Monday 24 April 2017

CCTV catches very near misses between speeding trains and railway trespassers

Independent.ie Newsdesk and Agencies

The number of people risking their lives by trespassing on Britain's railways has reached a peak, new figures show.

An average of one person encroaches on the tracks every hour, according to Network Rail and British Transport Police.

Last year, there were 8,265 such incidents, up 11% on 2015.

This is the highest amount since current records began in 2007.

Footage has been released showing a number of trespassers involved in near misses with speeding trains.

Some 115 offenders have been killed over the past five years, with just under half younger than 25.

Trespassing incidents involving youths double during spring and summer compared with winter.

Network Rail's head of public and passenger safety, Allan Spence, said: "Every April we see a huge rise in the number of people taking a risk on the rail network and it's worrying that these numbers seem to be going up.

"Britain has the safest railway in Europe but still too many people lose their lives on the tracks.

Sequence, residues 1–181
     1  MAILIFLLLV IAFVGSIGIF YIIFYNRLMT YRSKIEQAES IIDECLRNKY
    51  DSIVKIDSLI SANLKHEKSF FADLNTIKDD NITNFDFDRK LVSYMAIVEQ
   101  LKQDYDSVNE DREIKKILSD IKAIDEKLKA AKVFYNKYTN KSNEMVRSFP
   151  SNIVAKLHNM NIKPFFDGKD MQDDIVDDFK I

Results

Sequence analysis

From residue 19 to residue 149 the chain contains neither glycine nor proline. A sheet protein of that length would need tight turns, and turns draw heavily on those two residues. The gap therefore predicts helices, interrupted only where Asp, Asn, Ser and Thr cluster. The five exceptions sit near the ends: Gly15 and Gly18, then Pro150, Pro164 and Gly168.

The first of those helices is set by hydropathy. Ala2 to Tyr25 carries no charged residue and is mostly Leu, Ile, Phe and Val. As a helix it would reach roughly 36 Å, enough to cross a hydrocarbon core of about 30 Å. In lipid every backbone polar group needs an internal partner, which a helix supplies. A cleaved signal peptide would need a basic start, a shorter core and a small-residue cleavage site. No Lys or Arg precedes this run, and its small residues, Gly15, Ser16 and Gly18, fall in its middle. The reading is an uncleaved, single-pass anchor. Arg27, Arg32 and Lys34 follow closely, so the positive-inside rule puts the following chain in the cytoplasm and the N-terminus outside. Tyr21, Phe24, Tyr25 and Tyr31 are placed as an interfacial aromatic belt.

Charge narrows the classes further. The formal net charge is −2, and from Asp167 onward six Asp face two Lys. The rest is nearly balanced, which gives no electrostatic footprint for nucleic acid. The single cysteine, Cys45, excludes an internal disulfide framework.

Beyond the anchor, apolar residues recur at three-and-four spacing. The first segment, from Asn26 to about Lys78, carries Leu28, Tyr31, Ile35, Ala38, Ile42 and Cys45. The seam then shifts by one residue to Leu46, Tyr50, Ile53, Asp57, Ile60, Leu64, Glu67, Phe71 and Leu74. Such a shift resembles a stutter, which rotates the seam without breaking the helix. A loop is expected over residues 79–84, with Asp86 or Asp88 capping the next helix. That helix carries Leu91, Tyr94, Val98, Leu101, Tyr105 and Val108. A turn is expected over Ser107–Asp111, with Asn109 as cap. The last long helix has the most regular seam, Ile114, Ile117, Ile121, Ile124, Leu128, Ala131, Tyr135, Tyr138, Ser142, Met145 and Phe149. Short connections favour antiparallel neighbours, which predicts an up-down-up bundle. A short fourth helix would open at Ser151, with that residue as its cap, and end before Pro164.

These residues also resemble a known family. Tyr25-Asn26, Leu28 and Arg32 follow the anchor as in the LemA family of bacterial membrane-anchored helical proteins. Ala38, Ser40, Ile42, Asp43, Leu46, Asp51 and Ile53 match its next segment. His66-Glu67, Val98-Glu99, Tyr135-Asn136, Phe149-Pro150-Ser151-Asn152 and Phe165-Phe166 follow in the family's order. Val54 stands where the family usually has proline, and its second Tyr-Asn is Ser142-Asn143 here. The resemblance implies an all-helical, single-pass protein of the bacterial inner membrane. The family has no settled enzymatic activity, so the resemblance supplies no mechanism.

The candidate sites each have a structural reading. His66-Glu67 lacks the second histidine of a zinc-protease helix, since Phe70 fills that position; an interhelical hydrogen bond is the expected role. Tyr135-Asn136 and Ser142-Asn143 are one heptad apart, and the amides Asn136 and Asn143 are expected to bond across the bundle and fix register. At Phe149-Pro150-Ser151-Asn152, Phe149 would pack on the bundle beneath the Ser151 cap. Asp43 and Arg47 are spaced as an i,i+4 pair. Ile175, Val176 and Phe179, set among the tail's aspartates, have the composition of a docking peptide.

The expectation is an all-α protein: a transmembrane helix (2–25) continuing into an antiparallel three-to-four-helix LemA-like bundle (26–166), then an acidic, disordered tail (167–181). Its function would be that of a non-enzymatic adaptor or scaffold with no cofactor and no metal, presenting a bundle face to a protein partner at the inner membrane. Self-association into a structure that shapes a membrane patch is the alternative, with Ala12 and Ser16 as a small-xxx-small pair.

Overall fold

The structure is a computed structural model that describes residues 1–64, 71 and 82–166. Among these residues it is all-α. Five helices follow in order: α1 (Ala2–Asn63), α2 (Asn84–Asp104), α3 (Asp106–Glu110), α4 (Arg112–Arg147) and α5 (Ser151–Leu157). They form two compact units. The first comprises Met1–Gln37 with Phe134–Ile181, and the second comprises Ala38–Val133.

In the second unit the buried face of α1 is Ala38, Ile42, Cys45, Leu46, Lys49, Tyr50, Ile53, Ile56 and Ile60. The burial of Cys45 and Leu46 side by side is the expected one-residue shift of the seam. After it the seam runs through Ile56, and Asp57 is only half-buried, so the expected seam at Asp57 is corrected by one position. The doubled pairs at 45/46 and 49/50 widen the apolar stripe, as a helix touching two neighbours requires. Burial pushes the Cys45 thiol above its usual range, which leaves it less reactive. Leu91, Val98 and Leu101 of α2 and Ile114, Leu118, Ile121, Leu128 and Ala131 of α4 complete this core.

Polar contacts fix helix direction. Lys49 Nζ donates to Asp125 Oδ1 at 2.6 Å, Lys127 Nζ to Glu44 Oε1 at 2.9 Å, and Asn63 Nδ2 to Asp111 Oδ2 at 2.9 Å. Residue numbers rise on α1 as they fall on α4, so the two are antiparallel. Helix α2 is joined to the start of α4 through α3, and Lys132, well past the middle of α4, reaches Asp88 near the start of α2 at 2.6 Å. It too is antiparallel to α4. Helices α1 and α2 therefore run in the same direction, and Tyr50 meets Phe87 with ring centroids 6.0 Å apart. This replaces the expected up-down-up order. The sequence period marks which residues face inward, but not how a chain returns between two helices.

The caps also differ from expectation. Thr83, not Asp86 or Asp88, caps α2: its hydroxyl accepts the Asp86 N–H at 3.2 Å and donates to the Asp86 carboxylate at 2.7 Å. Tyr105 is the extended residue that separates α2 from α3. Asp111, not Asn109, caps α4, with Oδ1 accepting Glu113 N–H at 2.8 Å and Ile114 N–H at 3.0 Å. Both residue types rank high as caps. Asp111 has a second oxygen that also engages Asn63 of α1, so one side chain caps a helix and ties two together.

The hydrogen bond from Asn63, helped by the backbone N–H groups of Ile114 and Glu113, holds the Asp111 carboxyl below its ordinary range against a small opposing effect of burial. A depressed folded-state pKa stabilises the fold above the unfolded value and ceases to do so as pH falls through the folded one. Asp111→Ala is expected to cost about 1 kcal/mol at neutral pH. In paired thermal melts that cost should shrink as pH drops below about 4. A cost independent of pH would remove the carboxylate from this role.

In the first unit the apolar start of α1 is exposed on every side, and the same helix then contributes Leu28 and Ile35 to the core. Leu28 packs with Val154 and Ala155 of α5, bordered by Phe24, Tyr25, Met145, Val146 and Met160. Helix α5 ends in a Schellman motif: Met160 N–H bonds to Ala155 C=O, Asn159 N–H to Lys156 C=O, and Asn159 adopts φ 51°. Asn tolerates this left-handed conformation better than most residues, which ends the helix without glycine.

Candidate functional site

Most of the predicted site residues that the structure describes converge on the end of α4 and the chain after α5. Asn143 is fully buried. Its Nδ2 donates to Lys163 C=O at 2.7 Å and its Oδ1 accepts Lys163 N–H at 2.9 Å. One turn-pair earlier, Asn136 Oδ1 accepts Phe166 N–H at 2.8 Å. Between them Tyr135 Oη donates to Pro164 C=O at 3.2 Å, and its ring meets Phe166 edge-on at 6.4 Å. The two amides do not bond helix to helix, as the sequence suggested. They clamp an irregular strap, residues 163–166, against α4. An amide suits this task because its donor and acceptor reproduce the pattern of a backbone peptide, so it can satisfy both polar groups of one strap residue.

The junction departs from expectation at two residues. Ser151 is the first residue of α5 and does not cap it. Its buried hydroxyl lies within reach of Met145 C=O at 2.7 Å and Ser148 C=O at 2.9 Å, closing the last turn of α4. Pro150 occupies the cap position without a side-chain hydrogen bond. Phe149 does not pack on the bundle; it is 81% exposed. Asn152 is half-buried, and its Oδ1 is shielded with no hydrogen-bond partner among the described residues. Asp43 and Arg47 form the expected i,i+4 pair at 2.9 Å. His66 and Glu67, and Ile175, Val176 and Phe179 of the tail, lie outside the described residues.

"The dangers may not always be obvious but the electricity on the railway is always on and trains can travel up to 125mph, so even if they see you, they can't stop in time."

Taking a short cut is the most common motivation for trespassing, followed by thrill-seeking.

Simon Munn, a wheelchair basketball player who represented Britain at the 2012 and 2016 Paralympics, lost his leg in a railway accident when he was 22.

He was walking home from a pub and trespassed on the railway to avoid taking an extra five minutes to reach a crossing.

"As I crossed the track I got my foot caught," he recalled.

"I don't know how long I was there, but I heard the train coming. I couldn't move.

"Trains moving that fast can't stop in time to miss you and they can't swerve. It's too late by then.

"I spent the next few weeks in hospital and had to have my leg amputated.

"Now I really know what the cost of trespassing and taking short cuts can be. I was lucky it wasn't my life."

Telegraph.co.uk

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